The Khmer Rouge Army afterwards...
of Phnom Penh:
During the mid-1975, there were many
border disputes between Vietnam and the Khmer Rouge. In 1977, Vietnam
wanted a negotiation to settle the dispute, but the Khmer Rouge
said no. In December 25, 1978, Vietnam finally launched a full-scale
invasion of the Khmer Rouge, which resulted in little resistance,
and Phnom Penh falling on January 7, 1979. Three days after the
falling of Phnom Penh, Cambodia’s official name became the
People’s Republic of Kampuchea (PRK). Vietnamese President
Heng Samrin came to be the new ruling body. Even though the Khmer
Rouge was defeated, there was still a lot of Khmer Rouge guerilla
resistance in the western and northwestern border areas of Cambodia.
December of 1979 was a big month because
that was when the PFLANK changed its name to the National Army of
Democratic Kampuchea (NADK). December was also when Khieu Samphan
was announced as replacing Pol Pot as the prime minister, but that
did not affect Pol Pot’s position in the Kampuchea Communist
Party (KCP) or his power in the NADK. During the same year, the
Patriotic and Democratic Front of the Great National Union of Kampuchea
(PDFGNUK) was formed. The Khmer Rouge was actually governed under
this group in 1987, but later took over them over.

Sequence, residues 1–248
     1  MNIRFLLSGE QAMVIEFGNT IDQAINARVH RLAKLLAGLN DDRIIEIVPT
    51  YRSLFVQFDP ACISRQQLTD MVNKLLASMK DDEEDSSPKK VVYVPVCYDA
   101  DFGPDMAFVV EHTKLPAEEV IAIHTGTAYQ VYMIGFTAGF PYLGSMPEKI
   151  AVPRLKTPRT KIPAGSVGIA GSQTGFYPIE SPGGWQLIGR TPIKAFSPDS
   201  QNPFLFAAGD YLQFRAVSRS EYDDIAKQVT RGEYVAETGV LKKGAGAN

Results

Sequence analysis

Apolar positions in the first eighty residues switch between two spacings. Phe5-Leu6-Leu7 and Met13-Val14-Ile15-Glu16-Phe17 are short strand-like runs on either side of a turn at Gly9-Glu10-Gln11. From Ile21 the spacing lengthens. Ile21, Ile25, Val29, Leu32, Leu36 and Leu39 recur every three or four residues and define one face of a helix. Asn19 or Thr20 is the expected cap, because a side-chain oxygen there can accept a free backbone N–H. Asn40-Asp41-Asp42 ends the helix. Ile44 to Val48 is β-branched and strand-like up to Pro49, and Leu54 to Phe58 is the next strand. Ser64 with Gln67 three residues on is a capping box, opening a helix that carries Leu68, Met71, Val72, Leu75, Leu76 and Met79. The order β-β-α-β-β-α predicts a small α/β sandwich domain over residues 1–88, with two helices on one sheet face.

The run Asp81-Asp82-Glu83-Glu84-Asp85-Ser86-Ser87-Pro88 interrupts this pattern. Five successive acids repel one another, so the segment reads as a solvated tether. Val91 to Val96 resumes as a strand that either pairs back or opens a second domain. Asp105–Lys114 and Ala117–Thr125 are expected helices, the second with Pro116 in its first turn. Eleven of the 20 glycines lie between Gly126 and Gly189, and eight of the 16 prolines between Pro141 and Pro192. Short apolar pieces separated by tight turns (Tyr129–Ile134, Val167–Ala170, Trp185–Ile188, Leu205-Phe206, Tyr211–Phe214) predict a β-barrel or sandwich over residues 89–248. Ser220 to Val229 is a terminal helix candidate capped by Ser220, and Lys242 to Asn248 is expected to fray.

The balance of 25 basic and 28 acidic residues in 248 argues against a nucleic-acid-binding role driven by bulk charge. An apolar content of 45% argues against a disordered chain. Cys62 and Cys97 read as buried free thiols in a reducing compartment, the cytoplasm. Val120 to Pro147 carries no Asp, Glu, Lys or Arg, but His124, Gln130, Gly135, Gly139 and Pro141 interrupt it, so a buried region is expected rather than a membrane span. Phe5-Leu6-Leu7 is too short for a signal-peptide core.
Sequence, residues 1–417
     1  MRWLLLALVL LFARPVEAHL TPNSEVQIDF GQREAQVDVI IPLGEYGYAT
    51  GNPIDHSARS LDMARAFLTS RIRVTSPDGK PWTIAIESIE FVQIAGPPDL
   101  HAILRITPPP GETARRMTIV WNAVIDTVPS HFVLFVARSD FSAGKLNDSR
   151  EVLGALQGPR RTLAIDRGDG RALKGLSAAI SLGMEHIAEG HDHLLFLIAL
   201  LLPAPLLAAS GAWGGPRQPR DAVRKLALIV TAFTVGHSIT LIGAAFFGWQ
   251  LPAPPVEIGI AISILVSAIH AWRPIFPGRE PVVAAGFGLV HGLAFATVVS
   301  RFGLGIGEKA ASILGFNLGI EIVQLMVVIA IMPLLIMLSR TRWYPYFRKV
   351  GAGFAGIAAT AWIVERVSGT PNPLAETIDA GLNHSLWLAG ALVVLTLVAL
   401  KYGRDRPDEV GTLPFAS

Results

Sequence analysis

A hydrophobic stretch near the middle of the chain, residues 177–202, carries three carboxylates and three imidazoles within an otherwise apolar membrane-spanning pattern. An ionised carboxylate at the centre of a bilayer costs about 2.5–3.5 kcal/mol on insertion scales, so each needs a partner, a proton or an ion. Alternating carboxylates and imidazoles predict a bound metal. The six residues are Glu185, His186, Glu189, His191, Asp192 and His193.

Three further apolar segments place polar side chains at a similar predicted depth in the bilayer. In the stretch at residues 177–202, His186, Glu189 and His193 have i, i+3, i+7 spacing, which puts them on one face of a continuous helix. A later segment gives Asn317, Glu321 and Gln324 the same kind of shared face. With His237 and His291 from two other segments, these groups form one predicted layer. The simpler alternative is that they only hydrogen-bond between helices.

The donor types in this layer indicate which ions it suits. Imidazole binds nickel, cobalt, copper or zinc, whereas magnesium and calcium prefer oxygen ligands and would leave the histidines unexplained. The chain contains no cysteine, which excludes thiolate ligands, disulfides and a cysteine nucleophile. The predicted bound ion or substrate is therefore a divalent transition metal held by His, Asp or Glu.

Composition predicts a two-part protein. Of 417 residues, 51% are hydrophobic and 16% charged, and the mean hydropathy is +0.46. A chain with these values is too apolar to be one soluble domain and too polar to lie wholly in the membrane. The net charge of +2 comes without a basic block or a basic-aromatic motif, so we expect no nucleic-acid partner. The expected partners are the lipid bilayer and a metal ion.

to Recapture Power :
Besides the Khmer Rouge, there were two
other strong resistance groups against Heng Samrin and the Vietnamese
being in Cambodia. The Khmer Rouge was later united with these two
groups, with the Khmer Rouge being the strongest. This decision
to combine forces, was suggested by the Chinese, who aided the Khmer
Rouge with materials and military arms. On June of 1982, the Coalition
Government of Democratic Kampuchea (CGDK) was formed. The three
partners: the Khmer Rouge, Prince Sihanouk, and Son Sann (Prince
Sihanouk’s former assistant), shared equal powers when at
the same time, they all had a certain degree of freedom. There were
still official positions: Sihanouk was the president, Khieu Samphan
was the vice president responsible for foreign affairs, and Son
Sann was the prime minister.
The CGDK had close relationships with
ambassadorial level people from China, Bangladesh, Egypt, Malaysia,
North Korea, Pakistan, Senegal, Somalia, Sudan, and Yugoslavia.
The United Nations also supported the CGDK purpose: opposing the
Vietnamese’s presence in Cambodia. For that reason, the Khmer
Rouge, also named the Democratic Kampuchea, became recognized as
the legal representative of Cambodia in General Assembly even though
it was not meeting statehood criteria: people, government, territory,
and supreme authority within borders.
Donald M., Robert K. Headley, Jr., Rinn-Sup Shinn, and Frank Tatu.
Cambodia a Country Study. Washington D.C.: U.S. Government Printing